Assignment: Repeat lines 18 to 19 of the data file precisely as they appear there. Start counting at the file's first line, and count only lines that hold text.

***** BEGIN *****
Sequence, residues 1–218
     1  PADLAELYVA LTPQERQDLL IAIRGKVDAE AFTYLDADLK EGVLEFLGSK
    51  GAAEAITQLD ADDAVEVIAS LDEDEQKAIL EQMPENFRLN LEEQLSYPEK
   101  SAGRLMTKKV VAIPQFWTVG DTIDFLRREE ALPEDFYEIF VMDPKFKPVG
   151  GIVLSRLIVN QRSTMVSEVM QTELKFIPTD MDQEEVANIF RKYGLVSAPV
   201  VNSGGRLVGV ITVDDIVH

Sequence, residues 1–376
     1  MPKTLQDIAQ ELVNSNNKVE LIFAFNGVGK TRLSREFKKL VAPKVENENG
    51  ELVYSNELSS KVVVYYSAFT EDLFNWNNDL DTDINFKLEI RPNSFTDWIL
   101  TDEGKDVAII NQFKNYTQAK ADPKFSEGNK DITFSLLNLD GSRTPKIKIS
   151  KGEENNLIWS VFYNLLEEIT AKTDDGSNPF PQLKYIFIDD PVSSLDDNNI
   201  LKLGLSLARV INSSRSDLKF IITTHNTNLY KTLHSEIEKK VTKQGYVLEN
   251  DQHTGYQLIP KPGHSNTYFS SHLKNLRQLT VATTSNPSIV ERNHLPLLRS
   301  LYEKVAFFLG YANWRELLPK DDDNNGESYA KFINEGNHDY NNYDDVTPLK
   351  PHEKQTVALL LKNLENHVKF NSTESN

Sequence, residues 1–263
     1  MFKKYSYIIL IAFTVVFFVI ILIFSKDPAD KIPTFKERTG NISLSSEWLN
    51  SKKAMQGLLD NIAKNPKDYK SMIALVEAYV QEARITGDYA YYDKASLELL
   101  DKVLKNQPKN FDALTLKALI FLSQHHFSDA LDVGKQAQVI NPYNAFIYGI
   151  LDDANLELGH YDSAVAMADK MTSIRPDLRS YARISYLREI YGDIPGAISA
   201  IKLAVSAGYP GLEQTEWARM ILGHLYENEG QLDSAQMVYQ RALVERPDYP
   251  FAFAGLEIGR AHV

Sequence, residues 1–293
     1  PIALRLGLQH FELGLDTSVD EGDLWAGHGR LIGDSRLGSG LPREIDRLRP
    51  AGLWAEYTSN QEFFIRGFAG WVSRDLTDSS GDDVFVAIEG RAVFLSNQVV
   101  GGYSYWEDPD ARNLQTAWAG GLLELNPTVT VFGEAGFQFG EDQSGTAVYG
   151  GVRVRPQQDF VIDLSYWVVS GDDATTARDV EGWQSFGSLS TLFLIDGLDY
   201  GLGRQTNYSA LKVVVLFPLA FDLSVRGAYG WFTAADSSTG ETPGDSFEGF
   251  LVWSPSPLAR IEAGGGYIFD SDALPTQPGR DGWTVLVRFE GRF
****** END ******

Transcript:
    51  SKKAMQGLLD NIAKNPKDYK SMIALVEAYV QEARITGDYA YYDKASLELL
   101  DKVLKNQPKN FDALTLKALI FLSQHHFSDA LDVGKQAQVI NPYNAFIYGI